Tracking PDF Downloads with Google Tag Manager

Posted on February 6th, by Jay Murphy in Digital Marketing, Google Tag Manager, Universal Analytics. 14 comments

Use Google Tag Manager’s new user interface to track PDF Downloads

The new version of Google Tag Manager is a lot easier to work with – no more triggers, listeners and rules…  They are all combined into triggers.  Two of our favorite Tags we setup in the old version of Google Tag Manager were tags to track PDF downloads and tags to track outbound links.  We will step through how to setup each of these in the new user interface for Google Tag Manager.

Setup Variables

First out of the gate we want to setup a tag in Google Tag Manager (GTM) that fires Google Analytics Event when a user on our website clicks on a PDF link.  To begin this setup we will login to GTM and within your container open up the Variables tab. Now turn on the Click Variable “Click URL” and “Click Text”.  The “Click URL” is the Variable we will be using to identify a click on a PDF link in our trigger.  And we will use the “Click Text” variable for building our Google Analytics Event Tag.  (The “Click Element” could be used instead of “Click URL” – my preference is for “Click URL”, let me know your thoughts on this…)

select variables in new google tag manager ui

Create a PDF Link Click Trigger

Next we need to set up our Link Click Trigger this way to track PDF downloads.  First select

Create a Trigger

Select the ‘Click’ trigger from the type and then specify a ‘Link Click’.  This creates code that will listen for when users click on a link, next we will tell the trigger to fire when the link is to a PDF file.  We do this by setting up a rule:

Click URL

matches RegEx (ignore case)


Google Tag Manager - PDF Trigger

Let’s break this trigger down, we want it to fire when our click URL ends with the characters “.pdf”.  We do this by selecting the “click URL” variable.  Next we choose to match using a regular expression and be cause we want to track files names regardless of whether or not there are capitals we select “matches RegEx (ignore case)”.  Finally we create our regular expression – “.pdf” is the text we want to match in our Click URL – because “.” is a special character in regular expressions we have to escape it with the “\” character.  And then to wrap it up we use the “$” character to indicate that the match should come at the end of the URL.  To learn more about regular expressions check out this tutorial –

Build a PDF Universal Analytics Event Tag

OK now we have a trigger for the PDF download, now we need a GA event tag to complete our task.  So we create a new tag – select GA, then universal analytics , insert our UA code and then select event.  For the event we set the category to PDF, action to download and the value to the {{Click Text}}.  Select our PDF Download Trigger and we are ready to test!  It will look like this:

PDF Download Tag in Google Tag Manager

You can do this by turning on the Preview/Debug mode in GTM and then click on a PDF on your website.  When it works you will see this in the debug area on your browser:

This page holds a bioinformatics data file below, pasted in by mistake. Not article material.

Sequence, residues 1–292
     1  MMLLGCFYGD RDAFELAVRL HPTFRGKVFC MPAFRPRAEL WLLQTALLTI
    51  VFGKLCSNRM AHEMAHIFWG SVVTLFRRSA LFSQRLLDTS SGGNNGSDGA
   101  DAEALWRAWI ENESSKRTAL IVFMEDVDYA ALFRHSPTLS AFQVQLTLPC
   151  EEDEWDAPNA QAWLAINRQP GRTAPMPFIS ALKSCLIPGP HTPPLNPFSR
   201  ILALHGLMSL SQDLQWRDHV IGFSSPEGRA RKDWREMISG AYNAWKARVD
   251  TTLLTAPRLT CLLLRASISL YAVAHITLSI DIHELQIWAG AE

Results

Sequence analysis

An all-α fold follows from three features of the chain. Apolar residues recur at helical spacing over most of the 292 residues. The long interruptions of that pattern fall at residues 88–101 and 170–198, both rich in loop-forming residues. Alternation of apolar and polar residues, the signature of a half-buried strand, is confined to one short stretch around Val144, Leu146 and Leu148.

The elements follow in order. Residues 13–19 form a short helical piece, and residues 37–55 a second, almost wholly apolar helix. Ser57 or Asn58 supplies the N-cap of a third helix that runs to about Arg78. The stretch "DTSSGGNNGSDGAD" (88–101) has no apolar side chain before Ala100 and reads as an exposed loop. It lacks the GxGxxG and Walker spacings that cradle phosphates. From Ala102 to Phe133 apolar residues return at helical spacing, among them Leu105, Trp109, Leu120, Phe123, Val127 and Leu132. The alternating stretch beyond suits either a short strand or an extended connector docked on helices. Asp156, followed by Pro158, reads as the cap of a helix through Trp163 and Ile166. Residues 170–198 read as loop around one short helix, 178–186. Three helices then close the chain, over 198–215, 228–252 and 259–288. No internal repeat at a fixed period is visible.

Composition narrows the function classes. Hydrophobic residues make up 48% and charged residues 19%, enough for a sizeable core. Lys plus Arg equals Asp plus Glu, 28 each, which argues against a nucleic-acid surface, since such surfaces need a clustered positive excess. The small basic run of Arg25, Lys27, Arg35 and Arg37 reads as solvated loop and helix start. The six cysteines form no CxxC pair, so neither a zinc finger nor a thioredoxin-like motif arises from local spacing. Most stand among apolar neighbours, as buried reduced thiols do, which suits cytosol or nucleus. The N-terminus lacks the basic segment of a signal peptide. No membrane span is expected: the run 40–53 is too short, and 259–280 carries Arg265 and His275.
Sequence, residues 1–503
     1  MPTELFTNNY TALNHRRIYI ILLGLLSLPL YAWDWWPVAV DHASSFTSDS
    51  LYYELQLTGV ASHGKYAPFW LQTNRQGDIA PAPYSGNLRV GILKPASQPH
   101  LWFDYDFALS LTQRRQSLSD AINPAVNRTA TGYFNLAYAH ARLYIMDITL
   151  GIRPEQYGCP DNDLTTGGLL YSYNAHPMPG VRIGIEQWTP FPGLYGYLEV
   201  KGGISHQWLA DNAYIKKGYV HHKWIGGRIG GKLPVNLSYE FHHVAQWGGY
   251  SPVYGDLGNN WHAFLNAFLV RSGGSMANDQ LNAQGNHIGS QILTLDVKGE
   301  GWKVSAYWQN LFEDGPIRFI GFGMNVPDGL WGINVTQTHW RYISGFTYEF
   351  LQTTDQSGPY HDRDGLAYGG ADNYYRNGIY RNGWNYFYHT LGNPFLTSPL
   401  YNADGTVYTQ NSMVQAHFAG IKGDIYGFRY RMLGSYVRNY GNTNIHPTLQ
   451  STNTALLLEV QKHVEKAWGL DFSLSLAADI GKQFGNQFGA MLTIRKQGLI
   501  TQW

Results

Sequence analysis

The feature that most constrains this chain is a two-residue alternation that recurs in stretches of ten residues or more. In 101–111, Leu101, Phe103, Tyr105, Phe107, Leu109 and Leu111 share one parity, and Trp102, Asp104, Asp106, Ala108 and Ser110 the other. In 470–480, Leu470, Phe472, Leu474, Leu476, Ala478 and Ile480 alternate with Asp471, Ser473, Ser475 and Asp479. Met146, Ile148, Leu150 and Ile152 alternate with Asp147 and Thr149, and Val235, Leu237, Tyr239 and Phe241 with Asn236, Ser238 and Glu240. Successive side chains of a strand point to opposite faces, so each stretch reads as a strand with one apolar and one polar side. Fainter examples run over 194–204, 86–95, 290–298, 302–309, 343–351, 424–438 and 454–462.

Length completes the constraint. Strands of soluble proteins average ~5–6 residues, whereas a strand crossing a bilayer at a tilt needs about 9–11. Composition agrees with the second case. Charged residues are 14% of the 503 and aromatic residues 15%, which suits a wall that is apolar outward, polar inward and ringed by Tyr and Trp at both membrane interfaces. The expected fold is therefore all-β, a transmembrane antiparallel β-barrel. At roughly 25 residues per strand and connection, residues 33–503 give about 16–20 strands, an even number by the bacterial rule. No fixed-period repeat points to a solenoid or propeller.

PDF Tracker Tag - Google Tag Manager

Publish your new version of the container and congratulations you are tracking PDF downloads on your website.  (If this is not working check for typos in the regular expressions or links that do not end in “.pdf” to start.)

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14 thoughts on “Tracking PDF Downloads with Google Tag Manager

  1. Thank you for sharing this helpful information. Glad I stumbled upon your article, it saved me much headaches.

    One quick question. After reviewing my analytics in real time, I’m not seeing it come up as a hit. Is this normal?

  2. Hello I try to setup tag manager for PDF download but I don’t get success.
    Previously I used Download for PDF download tracking but now which code we at in href for tracking the pdf download.

    • Hi Mohit: For the tracking to work as outlined in this post your link URL needs to contain a link to a pdf file. the URL has to end in “.pdf”. So it will look like this:

      Best – Jay

    • Hi Nicolas:

      We show Click URL in the label, Click URL points to the file name and path of the PDF file. We use this to differentiate between multiple PDF files. You could also use Click Text if that is unique for a PDF. Here is a quick example of what these parts of a link are:

      • ‘download/whitepaper-Jul2015.pdf’ is the Click URL, and
      • ‘Download our White Paper’ is the Click Text

      I also leave non-interactive to False this means when the event is sent back to Google Analytic the time information is also updated and more importantly user that download a PDF from a single page visit will not show as a bounce. If you set non-interactive to True then the time information is not updated. For more information view this link –

      All the Best,

  3. Pingback: Tracking Outbound Links with Google Tag Manager | Trionia

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